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Determining What Individual SUS Scores Mean: Adding an Adjective Rating Scale

Aaron Bangor, Philip Kortum, and James Miller

Journal of Usability Studies, Volume 4, Issue 3, May 2009, pp. 114-123

Article Contents


Results

For analysis, numerical equivalents of 1 through 7 were assigned to the adjectives from Worst Imaginable to Best Imaginable, respectively. First, a correlational analysis was conducted to determine how well the ratings (using the adjective rating scale) matched the corresponding SUS scores given by participants (i.e., via their ten individual ratings). Results are highly significant (a<0.01) with r=0.822. These results are consistent with the results found in our pilot study (Bangor, Kortum, & Miller, 2008). In the pilot study, 212 surveys were used and a correlation of r=0.806 was found between the SUS score and an identical adjective rating scale. This correlation was viewed with some caution at the time however, because only a few of the interface modes were included in the data set and there was a marked lack of data points at the extreme ends of the adjective rating scale.

The mean score for each adjective rating for the current study is listed in Table 3 and show in Figure 3.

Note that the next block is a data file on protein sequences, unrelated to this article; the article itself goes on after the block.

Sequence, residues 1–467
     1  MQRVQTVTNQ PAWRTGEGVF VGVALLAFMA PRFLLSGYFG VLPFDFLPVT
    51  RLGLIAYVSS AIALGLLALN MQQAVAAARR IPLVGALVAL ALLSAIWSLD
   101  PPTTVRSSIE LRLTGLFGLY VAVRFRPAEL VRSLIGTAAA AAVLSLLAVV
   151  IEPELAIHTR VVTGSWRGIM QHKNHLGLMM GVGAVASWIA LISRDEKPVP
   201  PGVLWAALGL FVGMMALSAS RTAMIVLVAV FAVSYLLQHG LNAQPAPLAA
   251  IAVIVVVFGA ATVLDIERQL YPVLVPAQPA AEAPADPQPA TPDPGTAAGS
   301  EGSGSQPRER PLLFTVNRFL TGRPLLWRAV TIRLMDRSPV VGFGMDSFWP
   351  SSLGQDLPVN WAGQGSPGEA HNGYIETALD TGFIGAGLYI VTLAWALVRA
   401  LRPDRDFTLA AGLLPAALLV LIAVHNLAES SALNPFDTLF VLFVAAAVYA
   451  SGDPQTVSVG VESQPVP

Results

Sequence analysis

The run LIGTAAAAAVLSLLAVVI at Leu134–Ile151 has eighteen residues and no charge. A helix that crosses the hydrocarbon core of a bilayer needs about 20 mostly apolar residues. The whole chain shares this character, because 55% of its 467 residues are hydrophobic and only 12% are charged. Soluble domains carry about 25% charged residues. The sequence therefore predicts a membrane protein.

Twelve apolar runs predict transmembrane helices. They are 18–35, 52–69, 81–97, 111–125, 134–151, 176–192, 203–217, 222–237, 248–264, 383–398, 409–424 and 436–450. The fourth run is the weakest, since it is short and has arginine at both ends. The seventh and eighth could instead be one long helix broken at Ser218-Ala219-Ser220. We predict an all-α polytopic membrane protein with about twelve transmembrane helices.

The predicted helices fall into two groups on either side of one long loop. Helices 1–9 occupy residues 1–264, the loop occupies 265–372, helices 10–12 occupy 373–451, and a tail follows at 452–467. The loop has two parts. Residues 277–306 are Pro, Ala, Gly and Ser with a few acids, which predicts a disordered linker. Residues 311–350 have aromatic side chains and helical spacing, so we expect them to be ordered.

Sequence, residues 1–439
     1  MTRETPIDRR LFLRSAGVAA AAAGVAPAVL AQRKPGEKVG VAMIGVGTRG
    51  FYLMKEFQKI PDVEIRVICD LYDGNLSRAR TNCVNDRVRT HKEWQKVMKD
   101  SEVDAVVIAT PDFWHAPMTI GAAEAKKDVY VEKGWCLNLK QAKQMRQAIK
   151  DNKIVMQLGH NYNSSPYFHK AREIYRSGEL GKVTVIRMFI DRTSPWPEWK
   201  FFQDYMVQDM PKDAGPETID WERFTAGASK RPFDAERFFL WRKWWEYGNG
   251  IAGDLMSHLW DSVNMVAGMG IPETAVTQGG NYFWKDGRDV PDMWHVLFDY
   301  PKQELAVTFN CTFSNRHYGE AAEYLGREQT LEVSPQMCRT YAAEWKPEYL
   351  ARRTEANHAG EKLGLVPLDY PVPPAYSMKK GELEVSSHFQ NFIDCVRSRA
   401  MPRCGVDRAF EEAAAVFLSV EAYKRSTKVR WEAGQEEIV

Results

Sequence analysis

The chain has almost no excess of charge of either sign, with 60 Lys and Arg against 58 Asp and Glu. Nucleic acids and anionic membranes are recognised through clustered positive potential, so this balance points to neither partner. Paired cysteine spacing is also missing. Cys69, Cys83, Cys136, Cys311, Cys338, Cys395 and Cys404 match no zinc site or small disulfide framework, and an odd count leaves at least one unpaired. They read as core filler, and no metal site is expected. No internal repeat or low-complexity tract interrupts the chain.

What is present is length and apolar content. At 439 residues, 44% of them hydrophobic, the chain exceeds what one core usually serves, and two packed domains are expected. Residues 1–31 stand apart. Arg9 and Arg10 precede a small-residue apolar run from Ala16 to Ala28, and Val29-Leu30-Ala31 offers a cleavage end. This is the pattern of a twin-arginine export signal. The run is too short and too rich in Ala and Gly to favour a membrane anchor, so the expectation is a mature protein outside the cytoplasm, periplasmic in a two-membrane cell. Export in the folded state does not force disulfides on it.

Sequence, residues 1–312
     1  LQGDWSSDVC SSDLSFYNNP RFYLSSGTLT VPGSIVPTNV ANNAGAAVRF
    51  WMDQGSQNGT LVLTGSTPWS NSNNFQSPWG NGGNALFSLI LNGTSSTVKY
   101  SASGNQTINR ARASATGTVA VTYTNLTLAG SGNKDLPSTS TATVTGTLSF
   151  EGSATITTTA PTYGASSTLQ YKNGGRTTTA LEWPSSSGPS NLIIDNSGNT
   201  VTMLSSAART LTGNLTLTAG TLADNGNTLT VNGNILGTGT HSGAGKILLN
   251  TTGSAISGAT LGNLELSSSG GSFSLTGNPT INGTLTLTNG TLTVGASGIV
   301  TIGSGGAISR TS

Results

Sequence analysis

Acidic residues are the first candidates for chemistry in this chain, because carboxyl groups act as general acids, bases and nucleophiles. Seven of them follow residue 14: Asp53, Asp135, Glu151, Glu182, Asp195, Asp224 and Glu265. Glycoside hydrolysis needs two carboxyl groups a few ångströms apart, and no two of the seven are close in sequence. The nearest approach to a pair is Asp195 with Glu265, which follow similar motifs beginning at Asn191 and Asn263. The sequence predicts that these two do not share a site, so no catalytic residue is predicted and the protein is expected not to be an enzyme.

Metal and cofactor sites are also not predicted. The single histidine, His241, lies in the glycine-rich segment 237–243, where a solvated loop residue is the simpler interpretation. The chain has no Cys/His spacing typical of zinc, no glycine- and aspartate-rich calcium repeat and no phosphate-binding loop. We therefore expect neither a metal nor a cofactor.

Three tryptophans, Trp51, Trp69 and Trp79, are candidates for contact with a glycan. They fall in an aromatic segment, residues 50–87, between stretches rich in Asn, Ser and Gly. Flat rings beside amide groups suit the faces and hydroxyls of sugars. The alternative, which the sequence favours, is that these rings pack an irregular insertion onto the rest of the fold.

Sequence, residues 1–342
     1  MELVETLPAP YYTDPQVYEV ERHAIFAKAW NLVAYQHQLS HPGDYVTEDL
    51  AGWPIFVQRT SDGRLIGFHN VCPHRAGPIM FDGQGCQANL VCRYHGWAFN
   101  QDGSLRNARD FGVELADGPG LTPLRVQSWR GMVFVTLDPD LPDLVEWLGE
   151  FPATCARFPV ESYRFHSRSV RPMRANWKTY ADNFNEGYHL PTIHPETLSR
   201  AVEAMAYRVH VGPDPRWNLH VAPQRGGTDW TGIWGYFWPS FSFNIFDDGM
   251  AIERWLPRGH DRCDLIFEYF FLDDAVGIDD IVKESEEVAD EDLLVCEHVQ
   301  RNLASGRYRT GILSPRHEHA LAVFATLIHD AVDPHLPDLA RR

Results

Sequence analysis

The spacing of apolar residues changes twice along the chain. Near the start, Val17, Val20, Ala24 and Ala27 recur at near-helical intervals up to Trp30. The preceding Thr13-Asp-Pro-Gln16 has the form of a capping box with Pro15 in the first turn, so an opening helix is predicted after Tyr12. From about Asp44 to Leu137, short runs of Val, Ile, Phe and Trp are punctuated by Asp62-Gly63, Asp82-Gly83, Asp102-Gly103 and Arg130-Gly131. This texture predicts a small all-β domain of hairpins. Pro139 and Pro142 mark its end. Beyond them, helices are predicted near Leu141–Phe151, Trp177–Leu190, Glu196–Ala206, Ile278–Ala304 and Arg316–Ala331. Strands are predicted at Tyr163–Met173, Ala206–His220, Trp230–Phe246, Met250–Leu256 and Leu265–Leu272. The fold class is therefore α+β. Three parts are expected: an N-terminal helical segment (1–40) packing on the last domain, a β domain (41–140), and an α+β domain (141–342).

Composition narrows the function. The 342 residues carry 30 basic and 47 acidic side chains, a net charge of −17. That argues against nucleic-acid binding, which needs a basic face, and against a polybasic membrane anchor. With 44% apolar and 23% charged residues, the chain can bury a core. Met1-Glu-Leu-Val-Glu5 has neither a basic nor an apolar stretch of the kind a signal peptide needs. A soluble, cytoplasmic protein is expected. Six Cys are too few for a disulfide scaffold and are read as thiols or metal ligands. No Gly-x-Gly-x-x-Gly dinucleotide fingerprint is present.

Table 3. Descriptive Statistics of SUS Scores for Adjective Ratings*

Table 3. Descriptive Statistics of SUS Scores for Adjective Ratings*Total count equaled 959 due to 5 surveys that did not properly use the rating scale.

All of the adjectives are significantly different, except for Worst Imaginable and Awful. The seven adjectives span almost the entire 100 point range of SUS scores, although the end points have relatively few data points.

Figure 3. Mean SUS score ratings corresponding to the seven adjective ratings (error bars +/- one standard error of the mean)

Figure 3. Mean SUS score ratings corresponding to the seven adjective ratings (error bars +/- one standard error of the mean)

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